Adam Zagoria covers basketball at all levels. He is the author of two books and an award-winning journalist whose articles have appeared in ESPN The Magazine, SLAM, Sheridan Hoops, Sports Illustrated, Basketball Times and in newspapers nationwide.
Special Contributor to ZAGSBLOG.comWEST LONG BRANCH, N.J. — On the same night his former team set a franchise record for ineptitude, Isiah Thomas dropped his first game in the metropolitan area as a college coach.
Facing a raucous anti-Isiah crowd, Florida International dropped to 0-2 after falling, 99-70, Friday at Monmouth’s new Multipurpose Activity Center.
Thomas, the former coach and president of the Knicks, was loudly booed as he walked onto the court to take his seat on the bench and one fan held up a sign that read “FIU: Fire Isiah University.”
“I’m used to being in hostile arenas,” Thomas said, according to The Associated Press. “As an athlete and as a former ‘Bad Boy,’ every place we went to was kind of this kind of environment. So I’m used to dealing with tough environments.”
Thomas’ team played lackluster defense and failed to shut down the opposing team’s best player, Travis Taylor, who led the winners with 18 points. Former Rutgers guard Justin Sofman added 13 points in 14 minutes in his first game since transferring and sitting out a year.
Thomas’ team was coming off an 88-72 loss Monday at defending NCAA champion North Carolina.
That same day, his mother, Mary, underwent heart surgery following a heart attack. He told reporters she’s feeling better.
“It’s been a stressful week,” Thomas told the AP.
Thomas entered the court to a raucous student section behind the FIU home basket booing at the top of its lungs. His team was down by 10 points early in the game, 23-13, to the enjoyment of most in attendance. Chants of “Magic Johnson,” “Sexual Harassment,” and “Fire Isiah” ensued.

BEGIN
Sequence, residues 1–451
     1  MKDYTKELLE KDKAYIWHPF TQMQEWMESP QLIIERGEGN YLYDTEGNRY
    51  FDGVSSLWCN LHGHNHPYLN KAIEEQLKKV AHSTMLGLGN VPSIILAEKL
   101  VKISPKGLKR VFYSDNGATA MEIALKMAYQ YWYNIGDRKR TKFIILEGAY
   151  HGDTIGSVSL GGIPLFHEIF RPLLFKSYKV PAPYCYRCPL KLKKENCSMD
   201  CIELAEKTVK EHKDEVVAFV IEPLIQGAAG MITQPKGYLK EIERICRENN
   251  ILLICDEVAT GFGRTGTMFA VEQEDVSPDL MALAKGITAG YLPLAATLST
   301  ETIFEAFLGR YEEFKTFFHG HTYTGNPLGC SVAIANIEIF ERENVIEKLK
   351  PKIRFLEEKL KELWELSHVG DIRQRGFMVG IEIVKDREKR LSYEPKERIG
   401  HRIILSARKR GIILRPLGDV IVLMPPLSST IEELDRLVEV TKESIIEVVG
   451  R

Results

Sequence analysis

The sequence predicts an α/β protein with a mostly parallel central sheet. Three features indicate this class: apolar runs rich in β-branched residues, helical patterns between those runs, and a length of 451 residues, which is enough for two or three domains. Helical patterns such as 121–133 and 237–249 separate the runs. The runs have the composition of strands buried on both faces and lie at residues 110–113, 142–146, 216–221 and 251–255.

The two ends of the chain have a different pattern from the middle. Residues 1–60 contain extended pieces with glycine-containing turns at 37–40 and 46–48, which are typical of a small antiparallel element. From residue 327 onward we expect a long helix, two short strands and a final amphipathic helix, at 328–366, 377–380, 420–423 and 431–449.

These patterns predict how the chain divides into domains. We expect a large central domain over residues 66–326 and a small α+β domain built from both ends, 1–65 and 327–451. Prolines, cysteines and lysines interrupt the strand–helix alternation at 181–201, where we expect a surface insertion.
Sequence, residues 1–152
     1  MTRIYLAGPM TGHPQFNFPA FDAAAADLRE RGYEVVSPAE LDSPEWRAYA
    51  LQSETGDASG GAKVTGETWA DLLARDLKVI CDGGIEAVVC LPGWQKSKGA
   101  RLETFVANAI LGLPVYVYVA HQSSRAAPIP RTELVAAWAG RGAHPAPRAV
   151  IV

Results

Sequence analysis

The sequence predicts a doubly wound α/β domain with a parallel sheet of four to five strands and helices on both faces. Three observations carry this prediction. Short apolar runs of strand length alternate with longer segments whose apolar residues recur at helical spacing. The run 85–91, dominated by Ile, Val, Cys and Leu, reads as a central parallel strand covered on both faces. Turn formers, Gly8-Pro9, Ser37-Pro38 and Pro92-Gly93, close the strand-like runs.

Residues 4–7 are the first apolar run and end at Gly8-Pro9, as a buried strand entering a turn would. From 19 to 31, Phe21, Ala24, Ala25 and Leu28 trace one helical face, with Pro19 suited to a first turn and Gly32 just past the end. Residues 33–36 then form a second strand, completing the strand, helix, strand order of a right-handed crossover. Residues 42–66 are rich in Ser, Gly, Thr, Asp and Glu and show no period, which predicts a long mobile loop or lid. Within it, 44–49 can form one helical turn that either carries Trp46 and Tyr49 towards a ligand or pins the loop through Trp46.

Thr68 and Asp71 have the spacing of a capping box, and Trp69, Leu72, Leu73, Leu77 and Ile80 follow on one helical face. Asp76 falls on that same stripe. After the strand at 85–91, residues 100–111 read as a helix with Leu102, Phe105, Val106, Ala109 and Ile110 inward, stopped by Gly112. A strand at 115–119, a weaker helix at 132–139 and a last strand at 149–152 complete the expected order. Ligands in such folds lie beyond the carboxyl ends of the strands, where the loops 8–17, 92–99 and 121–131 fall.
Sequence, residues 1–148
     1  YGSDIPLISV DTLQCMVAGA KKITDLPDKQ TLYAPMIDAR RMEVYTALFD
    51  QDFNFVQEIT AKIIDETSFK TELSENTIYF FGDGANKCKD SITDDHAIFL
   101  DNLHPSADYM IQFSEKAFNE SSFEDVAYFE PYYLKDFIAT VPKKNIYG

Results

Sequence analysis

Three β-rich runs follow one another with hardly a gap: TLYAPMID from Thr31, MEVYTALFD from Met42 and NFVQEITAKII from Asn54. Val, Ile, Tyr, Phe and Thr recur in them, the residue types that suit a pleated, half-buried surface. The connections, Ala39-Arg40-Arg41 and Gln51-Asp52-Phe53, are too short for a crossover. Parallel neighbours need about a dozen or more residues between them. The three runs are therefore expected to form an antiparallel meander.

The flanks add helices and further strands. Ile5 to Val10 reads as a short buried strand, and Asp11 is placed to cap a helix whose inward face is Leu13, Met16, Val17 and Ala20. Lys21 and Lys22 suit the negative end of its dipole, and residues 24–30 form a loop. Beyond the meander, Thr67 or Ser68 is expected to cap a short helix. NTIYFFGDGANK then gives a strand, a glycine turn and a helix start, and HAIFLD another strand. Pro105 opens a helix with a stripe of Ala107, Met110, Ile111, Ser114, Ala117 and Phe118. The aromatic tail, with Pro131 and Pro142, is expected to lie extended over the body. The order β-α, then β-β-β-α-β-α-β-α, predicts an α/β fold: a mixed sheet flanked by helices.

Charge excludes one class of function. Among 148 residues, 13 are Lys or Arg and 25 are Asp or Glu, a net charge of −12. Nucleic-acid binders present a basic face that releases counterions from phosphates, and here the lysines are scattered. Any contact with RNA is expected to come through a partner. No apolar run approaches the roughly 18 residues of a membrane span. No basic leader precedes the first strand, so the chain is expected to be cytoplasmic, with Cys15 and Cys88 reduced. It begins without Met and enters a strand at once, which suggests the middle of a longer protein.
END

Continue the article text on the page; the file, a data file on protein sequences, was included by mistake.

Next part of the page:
He was constantly heckled by fans throughout the game, and he said one adult fan accosted him and used profane language after the game.
“There was a gentleman that I don’t even think he goes to school here and he’s not even in college, but he got out of line and security put him back in line, which was good,” Thomas said. “He didn’t grab me. If he did that, then I would have had the right to go Charles Barkley on him.
“I think the students were well in line and in-bounds in terms of the chants and the things they were saying. It was all in good spirit.
“But for someone who was older to act that way and conduct himself in that manner, particularly at a college game and a college environment, he should have known better.”
Thomas was forced to huddle his players before the first mandatory time-out in the first half. His team trailed by eight at halftime and was outscored by 21 points in the second half.
Brooklyn’s Marvin Roberts led FIU with 21 points.
Monmouth coach Dave Calloway said he believes Thomas can turn things around.
“It takes time,” Calloway told the AP. “Recruiting is a big part of it. Guys are going to want to go play for him because he’s an NBA guy. Everybody wants to play in the NBA.”
(The AP contributed)Follow Adam Zagoria on Twitter
Adam Zagoria is a Basketball Insider who covers basketball at all levels. A contributor to The New York Times and SportsNet New York (SNY), he is also the author of two books and is an award-winning journalist and filmmaker. His articles have appeared in ESPN The Magazine, SLAM, Sheridan Hoops, Basketball Times and in newspapers nationwide. He also won an Emmy award for his work on the SNY mini-documentary on Syracuse guard Tyus Battle.
A veteran Ultimate Frisbee player, he has competed in numerous National and World Championships and, perhaps more importantly, his teams won the Westchester Summer League (WSL) championships in 2011 and 2013.
He lives in Manhattan with his wife and children.